Rabbi Joseph Abrams
The book of Genesis begins to wind down with Parshat Vayigash. It deals with the reconciliation of the brothers to Joseph and his forgiving them for their unbrotherly behavior toward him many years earlier.
The book of Genesis begins to wind down with Parshat Vayigash. It deals with the reconciliation of the brothers to Joseph and his forgiving them for their unbrotherly behavior toward him many years earlier. The Torah portion concludes with the reunion of Joseph with his father Jacob. Next week's Torah portion, Parshat Vayechi, ends the book of Genesis with Jacob's blessings to his sons before his death and finally with Joseph's death.
The book of Genesis presents an interesting study in conflict resolution throughout the 2,000 or so years of its recorded history. The first conflict is, of course, the one between the first brothers, Cain and Abel. There are different opinions of what they really argued over, but regardless of how one explains it, the resolution was dramatic Cain killed Abel. It was swift, cruel, and permanent.
After this incident, the next familial conflict we find is with Lot and Abraham. Abraham beseeches Lot not to argue with him because, "we are brothers" (Genesis 13:9). Their conflict was resolved by separation from each other. Even though Abraham risked his life to save Lot after this separation, there is no record of them ever interacting together after this separation. The conflict is resolved by their going separate ways.
In the conflict between Isaac and Ishmael, again we find that the two parties separated in order to resolve their conflict. While their parting is not necessarily permanent, it is dramatic and, according to many commentators, it was considered the 9th Divine test of faith for their father Abraham.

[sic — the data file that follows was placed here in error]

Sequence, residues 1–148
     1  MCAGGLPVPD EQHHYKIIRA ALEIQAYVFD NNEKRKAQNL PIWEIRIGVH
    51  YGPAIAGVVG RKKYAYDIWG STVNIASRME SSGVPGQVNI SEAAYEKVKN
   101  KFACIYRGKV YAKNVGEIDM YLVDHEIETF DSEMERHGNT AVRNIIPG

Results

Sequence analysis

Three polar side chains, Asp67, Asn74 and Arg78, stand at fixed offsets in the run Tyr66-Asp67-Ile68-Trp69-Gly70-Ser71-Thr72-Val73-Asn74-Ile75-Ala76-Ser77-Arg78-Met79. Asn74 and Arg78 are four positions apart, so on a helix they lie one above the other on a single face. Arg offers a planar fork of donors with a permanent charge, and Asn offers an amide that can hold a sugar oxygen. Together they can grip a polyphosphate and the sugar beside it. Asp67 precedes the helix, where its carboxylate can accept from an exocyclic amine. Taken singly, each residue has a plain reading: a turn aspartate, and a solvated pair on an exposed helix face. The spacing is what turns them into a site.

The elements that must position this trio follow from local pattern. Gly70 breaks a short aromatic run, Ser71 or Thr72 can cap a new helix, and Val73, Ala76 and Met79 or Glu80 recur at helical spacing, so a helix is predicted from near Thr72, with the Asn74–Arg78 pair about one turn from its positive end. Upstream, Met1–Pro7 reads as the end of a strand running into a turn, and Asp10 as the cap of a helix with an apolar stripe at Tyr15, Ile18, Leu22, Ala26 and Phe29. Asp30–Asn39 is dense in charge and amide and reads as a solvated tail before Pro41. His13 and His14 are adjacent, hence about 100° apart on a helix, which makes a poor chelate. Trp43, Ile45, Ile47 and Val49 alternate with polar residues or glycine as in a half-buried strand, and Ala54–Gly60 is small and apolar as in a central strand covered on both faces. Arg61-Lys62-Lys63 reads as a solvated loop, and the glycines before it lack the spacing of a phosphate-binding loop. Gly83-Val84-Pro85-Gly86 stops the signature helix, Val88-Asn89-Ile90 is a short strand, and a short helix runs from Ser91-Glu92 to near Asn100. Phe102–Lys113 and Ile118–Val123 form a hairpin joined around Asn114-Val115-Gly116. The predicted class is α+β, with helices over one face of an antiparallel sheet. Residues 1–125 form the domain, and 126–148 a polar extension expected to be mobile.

Jacob and Esau were also brothers in conflict, and again we find that the two part ways in order to assure that no one is killed. Even though there is a reunion of sorts many years later, they remain divided. Esau goes on to Mt. Seir and Jacob remains behind in the land of Canaan.
Laban refers to Jacob as, "my flesh and bones" (ibid. 29:14). Again the idea of a strong family relationship is resonated, yet there is conflict. It is resolved with a treaty, but in the end they part ways.
This pattern continues through the book of Genesis until we reach the conflict between Joseph and his brothers. It would seem that we are headed down the same path of bloodshed or separation, but we are pleased to find true reconciliation between the brothers. This reconciliation is the goal of all conflicts. The Torah seems to be teaching us a lesson that all conflicts are ultimately between brothers, and when left alone they can bring dire results. If corrected, and true resolution is achieved, it brings unity and fulfillment.
In next week's Torah portion, Jacob is prepared to reveal the future and tell the time of the Messiah's arrival. According to some commentators, he in fact does reveal this in his blessings to his children. In other words, the Messiah would only come after the brothers were reunited and prepared to live their lives together in harmony to the utmost degree.
In a sense, this is all hinted to in the name of this week's Torah portion, Vayigash, which means "to come close." Coming together and seeing each other as brothers and sisters is the true path of conflict resolution. This is the only way to ultimate peace in this world, with the coming of the Messiah speedily in our days.
Rabbi Joseph Abrams, who grew up in Atlanta, is the new headmaster of Yeshiva Atlanta.
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